From Irish Pedigrees; or the Origin and Stem of the Irish Nation by John O'Hart
Armorial Bearings: Same as "MacCarthy Glas."
125. CORMAC GLAS (otherwise "Charles of Lorraine"): third son of Felim, who is No. 124 on the "MacCarthy Glas" pedigree; was a captain of the Royal Irish Regiment of Foot Guards to King James II. He m. Angel, dau. of Randal Oge O'Hurley, of Ballinacarriga Castle, by whom he had two sons:—I. Donal of Dunmanway, and II. Donogh.
126. Donogh Glas: son of Cormac; m. Catherine, dau. of Malachy O'Crowly, by whom he had three sons:—I. Donogh, II. Cormac (these two left no male issue), III. Donal; and a dau. Angel, who m. O'Donovan of Banlahan, by whom she had three sons—the youngest of whom Thomas, was a celebrated Irish poet.
127. Donal Glas: third son of Donogh; m. Mary Kelleher, by whom he left issue:—I. Donogh, II. Donal, III. Thomas, IV. Justin. This (I) Donogh m. Mary MacCarthy and had issue:—Sir Charles Justin MacCarthy, Knt., Governor of Ceylon, who m. Sophia, dau. of Sir B. Hawes (Under Secretary of State for War), by whom he had two sons:—Felix, a Member of Council at Bermuda, and Police Magistrate, who d. s. p.; and William,a Registrar-general of lands at Ceylon, who was alive in 1871, but had no issue. This (III) Thomas (Montalto) died of yellow-fever, at St. Domingo, left no issue. (IV) Justin, d. s. p.
128. Donal Glas (2); second son of Donal; m. Mary Ward, by whom he left an only son, Donal (No. 129).
129. Donal Glas, of Glean-na-Croim: son of Donal; m. Harriet Alexandrina Bassett, youngest dau. of the late Admiral Sir Home Popham, KM., G.C.B., by whom he had issue:—I. Henry Popham Tenison, a captain in the Royal Artillery, who died unm. aged 28 yrs.; II. Elizabeth Radcliff, who d. at Bath, aged 15 yrs.; and III. Florence Strachan. This Donal Glas, d. at Southampton, England, in 1884. He was a gentleman of refined taste and high literary attainments; author of the Siege of Florence, Massaniello, the Free Lance, Life and Letters of Florence MacCarthy Mór, and Historical Pedigree of the Sliochd Feidhlimidh.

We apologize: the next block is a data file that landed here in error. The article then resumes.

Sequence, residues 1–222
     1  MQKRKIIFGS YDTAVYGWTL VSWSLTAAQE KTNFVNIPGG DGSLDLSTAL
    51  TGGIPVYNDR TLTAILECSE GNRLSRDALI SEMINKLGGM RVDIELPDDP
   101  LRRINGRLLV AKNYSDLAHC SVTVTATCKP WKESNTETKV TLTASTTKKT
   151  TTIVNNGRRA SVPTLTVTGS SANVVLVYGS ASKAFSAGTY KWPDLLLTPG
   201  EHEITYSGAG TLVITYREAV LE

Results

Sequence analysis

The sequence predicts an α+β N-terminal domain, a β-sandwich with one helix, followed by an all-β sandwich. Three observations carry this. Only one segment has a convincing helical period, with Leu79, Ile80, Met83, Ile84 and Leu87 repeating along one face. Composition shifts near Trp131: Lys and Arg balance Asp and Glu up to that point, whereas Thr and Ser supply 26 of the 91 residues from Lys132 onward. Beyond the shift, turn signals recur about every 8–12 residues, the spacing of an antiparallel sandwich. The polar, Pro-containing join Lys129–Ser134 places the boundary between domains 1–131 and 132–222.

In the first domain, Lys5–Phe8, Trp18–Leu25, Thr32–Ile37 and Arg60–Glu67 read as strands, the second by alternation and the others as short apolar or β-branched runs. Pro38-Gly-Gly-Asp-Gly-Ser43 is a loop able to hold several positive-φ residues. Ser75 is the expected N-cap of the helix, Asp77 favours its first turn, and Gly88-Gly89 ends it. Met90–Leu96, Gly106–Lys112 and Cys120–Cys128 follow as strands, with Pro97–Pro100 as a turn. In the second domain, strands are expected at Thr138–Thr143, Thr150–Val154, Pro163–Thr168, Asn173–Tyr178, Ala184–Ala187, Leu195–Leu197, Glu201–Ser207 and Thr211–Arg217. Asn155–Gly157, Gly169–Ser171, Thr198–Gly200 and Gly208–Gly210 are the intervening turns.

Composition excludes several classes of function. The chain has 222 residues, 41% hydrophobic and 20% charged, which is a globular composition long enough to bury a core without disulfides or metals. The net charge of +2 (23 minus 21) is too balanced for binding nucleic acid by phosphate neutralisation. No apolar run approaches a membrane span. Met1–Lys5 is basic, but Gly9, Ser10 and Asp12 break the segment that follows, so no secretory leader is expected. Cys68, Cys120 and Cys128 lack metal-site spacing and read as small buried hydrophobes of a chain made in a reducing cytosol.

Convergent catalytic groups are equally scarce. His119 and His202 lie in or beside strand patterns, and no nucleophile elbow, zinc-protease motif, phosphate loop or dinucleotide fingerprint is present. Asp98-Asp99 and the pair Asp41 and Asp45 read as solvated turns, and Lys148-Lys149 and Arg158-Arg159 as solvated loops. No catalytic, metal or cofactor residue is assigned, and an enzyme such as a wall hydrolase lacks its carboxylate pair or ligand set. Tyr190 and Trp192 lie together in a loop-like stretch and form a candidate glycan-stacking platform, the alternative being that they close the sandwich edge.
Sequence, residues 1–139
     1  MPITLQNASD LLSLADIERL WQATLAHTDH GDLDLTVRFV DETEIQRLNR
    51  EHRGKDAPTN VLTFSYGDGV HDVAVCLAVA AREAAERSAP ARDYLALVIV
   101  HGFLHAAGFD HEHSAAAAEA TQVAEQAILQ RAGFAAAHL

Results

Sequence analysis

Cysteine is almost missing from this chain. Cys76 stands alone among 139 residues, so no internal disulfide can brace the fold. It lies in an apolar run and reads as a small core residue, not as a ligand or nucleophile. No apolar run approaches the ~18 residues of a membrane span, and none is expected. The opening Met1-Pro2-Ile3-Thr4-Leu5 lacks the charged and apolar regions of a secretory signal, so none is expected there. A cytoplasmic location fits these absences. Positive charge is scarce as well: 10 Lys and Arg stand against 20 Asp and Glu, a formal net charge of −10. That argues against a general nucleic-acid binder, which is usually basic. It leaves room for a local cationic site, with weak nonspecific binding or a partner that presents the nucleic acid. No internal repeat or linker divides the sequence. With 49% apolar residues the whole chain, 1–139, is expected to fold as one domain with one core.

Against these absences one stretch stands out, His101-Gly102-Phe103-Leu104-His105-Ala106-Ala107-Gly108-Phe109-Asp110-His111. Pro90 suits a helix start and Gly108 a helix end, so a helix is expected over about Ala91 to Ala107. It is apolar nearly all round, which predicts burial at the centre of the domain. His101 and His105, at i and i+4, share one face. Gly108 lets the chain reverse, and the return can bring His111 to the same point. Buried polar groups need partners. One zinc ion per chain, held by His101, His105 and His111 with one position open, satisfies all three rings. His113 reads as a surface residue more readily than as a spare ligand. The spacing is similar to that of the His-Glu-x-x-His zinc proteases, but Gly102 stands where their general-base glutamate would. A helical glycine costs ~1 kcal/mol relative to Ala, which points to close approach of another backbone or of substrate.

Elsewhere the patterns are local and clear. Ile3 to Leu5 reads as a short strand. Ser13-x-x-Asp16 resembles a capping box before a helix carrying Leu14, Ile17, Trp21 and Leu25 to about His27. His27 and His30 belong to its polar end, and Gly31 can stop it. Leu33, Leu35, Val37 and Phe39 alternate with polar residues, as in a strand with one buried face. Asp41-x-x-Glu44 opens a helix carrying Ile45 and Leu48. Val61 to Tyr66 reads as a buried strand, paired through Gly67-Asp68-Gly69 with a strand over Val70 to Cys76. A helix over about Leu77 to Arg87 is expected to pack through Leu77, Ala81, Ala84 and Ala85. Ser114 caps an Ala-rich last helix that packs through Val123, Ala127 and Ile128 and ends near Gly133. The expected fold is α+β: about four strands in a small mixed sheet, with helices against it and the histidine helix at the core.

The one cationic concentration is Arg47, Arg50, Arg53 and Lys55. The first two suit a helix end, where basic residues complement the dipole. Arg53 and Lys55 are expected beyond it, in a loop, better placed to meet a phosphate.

130. Florence Strachan MacCarthy Glas: his son; m. Alice, youngest dau. of the late Rev. James Linton, of Heningford House, Huntingdonshire, England (by his wife Elizabeth, dau. and co-heiress of the Rev. Thomas Maria Wingfield of Torkington), by whom he has had issue:—I. Finin, II. Charles, III. Donal, IV. Eugene, V. Kathleen, VI. Mary, VII. Aileen (or Eibhlin), all living in 1887. This Florence Strachan, residing in 1887, at Clydesdale, Surbiton Road, Kingston-on-Thames, Surrey, England.
In Popular Rhymes and Sayings of Ireland (first published in 1924) John J. Marshall examines the origin of a variety of rhymes and sayings that were at one time in vogue around different parts of the country, including those which he recalled from his own childhood in County Tyrone. Numerous riddles, games and charms are recounted, as well as the traditions of the ‘Wren Boys’ and Christmas Rhymers. Other chapters describe the war cries of prominent Irish septs and the names by which Ireland has been personified in literature over the centuries.
The book is also available as a Kindle download.
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